Love’s simplicity unfolds into a multiplicity. There is a long-standing discussion about different types of love. If divine love (agape) has the primacy that we have suggested, then we could say that divine love can be expressed in friendship (philia) and in a romantic bond (eros). In friendship or romance there may arise a center of gravity that competes with divine love; but friendship and erotic attraction are part of the Creator’s plan, and when divine love is the effective core of the friendship or romance, then those relationships are truly loving, because the partners are seeking the other person’s good. Divine love received from God and given to a friend or romantic partner adds understanding, inspires vision, empowers giving, bolsters cooperation, increases patience, teaches frankness, and heals tendencies to demand excessively or to shy away from relating in depth.
A practical way to differentiate kinds of love has been developed by Stephen G. Post.
When I rise in the morning, which is usually quite early before people have had a chance to intrude on the quietness, I pray a bit for the gift of Godly love, and then I take a while with eyes closed but imagination open, to visualize the interactions to come during the course of the day. I usually know my schedule, so I visualize each interaction, from those with my wife and children to those with the many people I will be meeting that day, from the groups to whom I may be speaking, to the individuals scheduled for a conference call. I ask myself, one by one, how can that person or those people best be loved? What does my heart and what does Godly love want me to give them? Some people need compassion, some a little carefrontation, others an expression of loyalty or perhaps celebration. By very briefly visualizing these interactions I set the stage for the day before it really begins. I gain a sense of genuine intentionality—“I am living today to express the ways of love, and to draw on Godly love in every interaction without exception.” I ask God to help me in this endeavor to spread love in small ways throughout the course of the day. Godly love becomes my partner for the day. And then I try to act accordingly, to make these loving intentions and rehearsed interactions become reality. They usually do. Actions are key; otherwise this is a purely internal exercise of no great value or purpose.
Post’s research and practice finds love specifically expressed in a series of responses that he portrays on a wheel with no beginning or end: respect, listening, compassion, helpfulness, creativity, forgiveness, carefrontation (confrontation modified by love), celebration, mirth, and loyalty. Decades of Christian living in love, and years of consciously channeling energies into these ten expressions of love, show in Stephen’s radiant personality.
Thomas Aquinas unfolded the simplicity of love into a complex theology. God infuses love in the soul as the crowning virtue in excellent human character. The giver of this gift is infinite and eternally perfect; and his will is expressed in his love of us all, a love which ever seeks to enable us to participate in his goodness. Love infuses joy in the will. “The soul’s joy, flowing over into the body, fills it with happiness in the form of health and incorruptible vigor.”
According to Thomas, God’s love creates goodness in us. God’s infusion of love in us is a foretaste of glory. As God’s love descends to us, our created intellect, with all its limitations, rises toward God: we love God as the root of our happiness; we can love God wholeheartedly; love brings us toward union with God, a union that we can already sense, though the feeling is not a sign that we are God. Thomas sees our response to God’s love as voluntary, an act of will, so that we are not a mere channel for his self-expression. Love is friendship with God, which enables us to live with him intimately as a member of his society. We begin by grace in the present and look forward in faith and hope to future glory in the perfect love of God.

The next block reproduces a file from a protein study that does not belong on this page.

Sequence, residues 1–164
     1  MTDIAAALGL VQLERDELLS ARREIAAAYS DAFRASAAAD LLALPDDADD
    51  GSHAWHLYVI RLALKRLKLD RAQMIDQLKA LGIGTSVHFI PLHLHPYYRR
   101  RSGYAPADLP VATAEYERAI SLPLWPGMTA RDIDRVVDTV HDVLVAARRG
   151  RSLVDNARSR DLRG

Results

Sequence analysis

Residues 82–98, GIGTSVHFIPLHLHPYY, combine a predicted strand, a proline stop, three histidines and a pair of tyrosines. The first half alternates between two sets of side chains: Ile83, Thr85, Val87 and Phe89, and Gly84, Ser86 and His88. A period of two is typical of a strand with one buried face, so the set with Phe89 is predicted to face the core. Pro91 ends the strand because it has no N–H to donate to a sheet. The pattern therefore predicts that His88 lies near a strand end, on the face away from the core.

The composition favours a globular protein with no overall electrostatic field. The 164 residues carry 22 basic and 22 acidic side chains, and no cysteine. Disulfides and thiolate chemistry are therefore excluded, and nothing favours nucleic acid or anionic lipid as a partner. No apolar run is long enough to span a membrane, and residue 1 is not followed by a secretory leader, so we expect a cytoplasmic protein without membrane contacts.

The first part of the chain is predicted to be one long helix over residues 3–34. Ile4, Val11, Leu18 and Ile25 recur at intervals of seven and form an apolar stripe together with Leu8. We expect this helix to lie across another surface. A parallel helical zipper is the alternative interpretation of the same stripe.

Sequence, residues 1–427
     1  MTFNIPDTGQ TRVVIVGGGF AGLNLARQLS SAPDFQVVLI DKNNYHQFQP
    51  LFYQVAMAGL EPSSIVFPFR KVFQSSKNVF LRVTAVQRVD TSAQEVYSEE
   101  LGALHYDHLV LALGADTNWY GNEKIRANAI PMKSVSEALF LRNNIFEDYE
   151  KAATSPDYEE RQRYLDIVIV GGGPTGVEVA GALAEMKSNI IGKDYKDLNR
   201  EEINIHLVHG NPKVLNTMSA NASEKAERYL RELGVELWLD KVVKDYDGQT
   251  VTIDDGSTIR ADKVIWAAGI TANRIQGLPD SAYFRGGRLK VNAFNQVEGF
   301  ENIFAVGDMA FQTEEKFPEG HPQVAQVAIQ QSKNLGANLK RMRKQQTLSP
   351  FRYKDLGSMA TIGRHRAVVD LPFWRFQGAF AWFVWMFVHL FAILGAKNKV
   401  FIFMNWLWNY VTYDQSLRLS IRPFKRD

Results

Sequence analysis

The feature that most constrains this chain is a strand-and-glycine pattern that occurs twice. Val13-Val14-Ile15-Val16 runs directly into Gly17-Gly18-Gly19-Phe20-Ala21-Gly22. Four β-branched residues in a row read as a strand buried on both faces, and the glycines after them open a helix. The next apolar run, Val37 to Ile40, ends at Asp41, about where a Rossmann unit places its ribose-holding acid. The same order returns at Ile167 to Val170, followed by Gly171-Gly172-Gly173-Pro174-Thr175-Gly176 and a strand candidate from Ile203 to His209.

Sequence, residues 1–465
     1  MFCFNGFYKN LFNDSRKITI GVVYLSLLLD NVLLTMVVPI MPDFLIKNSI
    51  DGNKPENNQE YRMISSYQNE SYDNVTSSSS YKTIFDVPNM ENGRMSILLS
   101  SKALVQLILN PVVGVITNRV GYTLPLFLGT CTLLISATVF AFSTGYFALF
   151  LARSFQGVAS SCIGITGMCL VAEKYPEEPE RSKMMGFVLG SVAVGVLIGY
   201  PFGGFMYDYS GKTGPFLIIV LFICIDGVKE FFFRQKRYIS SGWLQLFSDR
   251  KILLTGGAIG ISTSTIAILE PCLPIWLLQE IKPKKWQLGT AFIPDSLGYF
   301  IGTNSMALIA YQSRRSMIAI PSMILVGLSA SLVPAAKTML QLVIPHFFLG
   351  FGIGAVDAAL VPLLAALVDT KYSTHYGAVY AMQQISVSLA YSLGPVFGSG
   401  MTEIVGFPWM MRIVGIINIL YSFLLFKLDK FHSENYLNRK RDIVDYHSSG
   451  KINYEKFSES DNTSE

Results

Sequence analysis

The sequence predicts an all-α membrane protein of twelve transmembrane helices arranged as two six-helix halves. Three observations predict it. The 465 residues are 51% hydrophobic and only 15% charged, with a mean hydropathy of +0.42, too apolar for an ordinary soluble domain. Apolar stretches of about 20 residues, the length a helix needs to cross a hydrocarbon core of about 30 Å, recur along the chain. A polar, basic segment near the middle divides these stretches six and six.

Thomas saw our love becoming more perfect as we eliminate everything in our affections that is contrary to our love of God. As our love grows, it becomes more intense, more deeply rooted in us, and it embraces more and more in its compass. In the circuit of love that embraces another human being, the scope of our love increasingly expands, and we identify with the good of all things, and it is fulfilled in a participation in the social life of God, whose love communicates itself to every being who may possibly share in that intelligent and intelligence-transcending love. Love in its fullness enables us to love our neighbors, near and far. And sometimes, Thomas observes, love overcomes evil with good and warms an enemy.
If you were to express love in a more complex way, what would you say?
The author of the first quotation is Stephen G. Post, the leading supporter of scientific research on love today, a medical ethicist who has made love his top priority from his teen-age years, and who is able fluently to handle questions on a wide range of concerns in a way that makes faith and wisdom concrete as he cites research studies that bring hope and suggest lessons on how to make love effective. Stephen G. Post, Godly Love: A Rose Planted in the Desert of our Hearts (Conshohoken, Pennsylvania, Templeton Foundation Press, 2008), 139-41. Post’s many books range from academic to popular. He is the founder and president of The Institute for Research on Unlimited Love (http://unlimitedloveinstitute.org/). The photo is copied from http://stephengpost.com/wp-content/uploads/2012/04/Bio-Pic2.jpg
The selections from Aquinas Thomas, are from the ST (Summa Theologica or Summa Theologiae), Ia IIae 59.5 (cf. 2a2ae 23.2). The following two paragraphs draw especially on 2a2ae 23.3 and 25.5.